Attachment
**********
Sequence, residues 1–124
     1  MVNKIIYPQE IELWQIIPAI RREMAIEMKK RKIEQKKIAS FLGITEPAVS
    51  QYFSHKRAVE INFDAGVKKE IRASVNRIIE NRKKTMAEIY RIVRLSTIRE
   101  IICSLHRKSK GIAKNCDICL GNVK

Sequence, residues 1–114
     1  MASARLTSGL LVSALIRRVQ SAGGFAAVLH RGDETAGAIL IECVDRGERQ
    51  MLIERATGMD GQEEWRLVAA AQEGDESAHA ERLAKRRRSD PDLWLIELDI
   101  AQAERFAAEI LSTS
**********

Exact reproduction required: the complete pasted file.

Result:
Sequence, residues 1–124
     1  MVNKIIYPQE IELWQIIPAI RREMAIEMKK RKIEQKKIAS FLGITEPAVS
    51  QYFSHKRAVE INFDAGVKKE IRASVNRIIE NRKKTMAEIY RIVRLSTIRE
   101  IICSLHRKSK GIAKNCDICL GNVK

Sequence, residues 1–114
     1  MASARLTSGL LVSALIRRVQ SAGGFAAVLH RGDETAGAIL IECVDRGERQ
    51  MLIERATGMD GQEEWRLVAA AQEGDESAHA ERLAKRRRSD PDLWLIELDI
   101  AQAERFAAEI LSTS